Comprises (mostly handwritten) paid invoices - hence receipts - from multiple booksellers in the United Kingdom and on continental Europe for books purchased by Herbert Somerton Foxwell, founder collector of the Goldsmiths' Library of Economic Literature. There are also some invoices from bookbinders and there is a very small amount of correspondence showing how Foxwell interacted with his books. Many - but not by any means all - of the invoices are itemised, some with references to the booksellers' catalogues.
Foxwell invoices and receipts
- This material is held at
- ReferenceGB 96 MS1228
- Dates of Creation1880 - 1928
- Name of Creator
- Language of MaterialEnglish French German
- Physical Description5 boxes
Scope and Content
Administrative / Biographical History
Herbert Somerton Foxwell was born on 17 June 1849 in Somerset, the son of an ironmonger and slate and timber merchant. He received his early education at the Weslyian Collegiate Institute, Taunton. After passing the London Matriculation examination at the minimum age, he obtained a London External BA Degree at the age of 18. He went to St. John's College, Cambridge in 1868. He was placed senior in the Moral Sciences Tripos in 1870 and was associated with the college for the rest of his life. He was made a Fellow in 1874 and held his College lectureship for sixty years. In the University he was largely responsible for the honours teaching of economics from 1877 to 1908. Foxwell was assistant lecturer to his friend Stanley Jevons who had held the Chair of Economics at University College London from 1868 and then succeeded Jevons as chair in May 1881, holding the post until 1927. At the same time, Foxwell was Newmarch Lecturer in statistics at University College London and a lecturer on currency and banking from 1896 at London School of Economics. In 1907 he became joint Professor of Political Economy in the University of London. In addition to these appointments, Foxwell gave extra-mural lectures for Cambridge University from 1874 and for London from 1876 to 1881 in London, Leeds, Halifax and elsewhere. He also held the following appointments: external examiner for London, Cambridge and other universities; first Dean of the Faculty of Economics at the University of London; vice-president and president of the Council of the Royal Economic Society; member of the Councils of the Statistical Society and the British Association for the Advancement of Science; and secretary and later president of the University (Cambridge) Musical Society and the Cambridge Antiquarian Society. He also provided a course of lectures at the Institute of Actuaries.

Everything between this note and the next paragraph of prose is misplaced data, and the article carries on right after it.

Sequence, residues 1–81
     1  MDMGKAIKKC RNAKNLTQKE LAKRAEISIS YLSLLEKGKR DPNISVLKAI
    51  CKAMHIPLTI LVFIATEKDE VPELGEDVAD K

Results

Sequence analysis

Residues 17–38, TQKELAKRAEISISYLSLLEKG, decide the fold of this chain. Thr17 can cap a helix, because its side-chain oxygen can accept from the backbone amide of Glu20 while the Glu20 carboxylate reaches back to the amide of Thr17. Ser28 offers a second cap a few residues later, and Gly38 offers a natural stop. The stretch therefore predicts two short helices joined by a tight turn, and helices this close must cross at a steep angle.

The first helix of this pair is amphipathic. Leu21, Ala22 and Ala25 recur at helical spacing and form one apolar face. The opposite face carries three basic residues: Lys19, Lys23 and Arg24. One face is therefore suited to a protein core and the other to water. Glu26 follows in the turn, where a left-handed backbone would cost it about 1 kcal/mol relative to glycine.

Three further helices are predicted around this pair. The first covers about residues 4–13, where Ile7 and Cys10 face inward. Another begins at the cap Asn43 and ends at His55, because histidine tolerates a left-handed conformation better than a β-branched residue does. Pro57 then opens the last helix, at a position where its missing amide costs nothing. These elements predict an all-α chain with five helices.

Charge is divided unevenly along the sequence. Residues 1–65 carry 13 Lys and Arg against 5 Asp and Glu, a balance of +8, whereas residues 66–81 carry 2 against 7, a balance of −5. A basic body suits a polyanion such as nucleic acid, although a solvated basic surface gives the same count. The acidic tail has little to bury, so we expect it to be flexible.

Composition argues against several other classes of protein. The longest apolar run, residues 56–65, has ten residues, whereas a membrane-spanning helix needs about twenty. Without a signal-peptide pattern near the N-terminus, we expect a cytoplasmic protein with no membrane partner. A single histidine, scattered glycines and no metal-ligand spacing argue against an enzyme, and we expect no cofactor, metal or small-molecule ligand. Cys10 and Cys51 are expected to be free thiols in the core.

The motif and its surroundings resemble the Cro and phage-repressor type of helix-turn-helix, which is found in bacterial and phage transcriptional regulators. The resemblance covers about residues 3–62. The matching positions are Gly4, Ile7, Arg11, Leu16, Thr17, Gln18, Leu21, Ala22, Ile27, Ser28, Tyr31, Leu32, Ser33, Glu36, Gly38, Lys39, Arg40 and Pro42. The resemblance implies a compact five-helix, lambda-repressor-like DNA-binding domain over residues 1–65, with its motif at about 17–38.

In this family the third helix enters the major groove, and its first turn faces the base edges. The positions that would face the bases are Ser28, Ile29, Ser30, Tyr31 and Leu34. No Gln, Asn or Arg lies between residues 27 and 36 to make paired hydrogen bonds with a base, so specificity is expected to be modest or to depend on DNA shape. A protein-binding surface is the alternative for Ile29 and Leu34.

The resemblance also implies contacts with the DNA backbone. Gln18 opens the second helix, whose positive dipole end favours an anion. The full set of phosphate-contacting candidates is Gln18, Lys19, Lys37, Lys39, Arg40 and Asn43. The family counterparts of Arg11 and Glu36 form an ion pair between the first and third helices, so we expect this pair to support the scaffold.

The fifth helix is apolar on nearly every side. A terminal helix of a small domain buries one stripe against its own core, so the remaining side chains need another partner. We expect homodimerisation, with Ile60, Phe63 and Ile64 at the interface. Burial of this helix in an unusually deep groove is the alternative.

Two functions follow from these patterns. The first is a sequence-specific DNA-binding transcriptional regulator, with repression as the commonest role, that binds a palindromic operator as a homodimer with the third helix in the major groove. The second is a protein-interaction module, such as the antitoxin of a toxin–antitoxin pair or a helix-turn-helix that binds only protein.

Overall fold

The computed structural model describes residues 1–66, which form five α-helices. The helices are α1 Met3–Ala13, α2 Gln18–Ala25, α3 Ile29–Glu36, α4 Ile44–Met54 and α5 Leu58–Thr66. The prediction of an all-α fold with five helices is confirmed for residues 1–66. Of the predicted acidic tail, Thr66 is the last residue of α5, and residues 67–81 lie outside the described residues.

Foxwell was a dedicated book-collector and bibliophile and concentrated on the purchase of economic books printed before 1848. He described his library as a collection of books and tracts intended to serve as the basis for the study of the industrial, commercial, monetary and financial history of the United Kingdom as well a of the gradual development of economic science generally.
Foxwell's library provides the nucleus of the Goldsmiths' Library of Economic Literature. When The Worshipful Company of Goldsmiths purchased the library of economic literature from Foxwell in 1901 for £10,000 it contained about 30,000 books. The Company also generously provided Foxwell with a series of subventions following the purchase of the Library to enable him to make further acquisitions prior to the gift of the Goldsmiths' Library of Economic Literature to the University of London in 1903.
From the sale in 1901, Foxwell kept back duplicates that formed a second collection which he sold to Harvard University for £4,000 in 1929. From the termination of dealings with the Goldsmiths' Company in 1903, he began creating a second major collection. By his death, on 3 August 1936, Foxwell had amassed a further 20,000 volumes that were sold to Harvard University creating the focus for the Kress Library.
The arrangement follows the original arrangement of the invoices as received from Maggs Bros. Ltd, the booksellers.
Open for research although at least 24 hours advance notice should be given.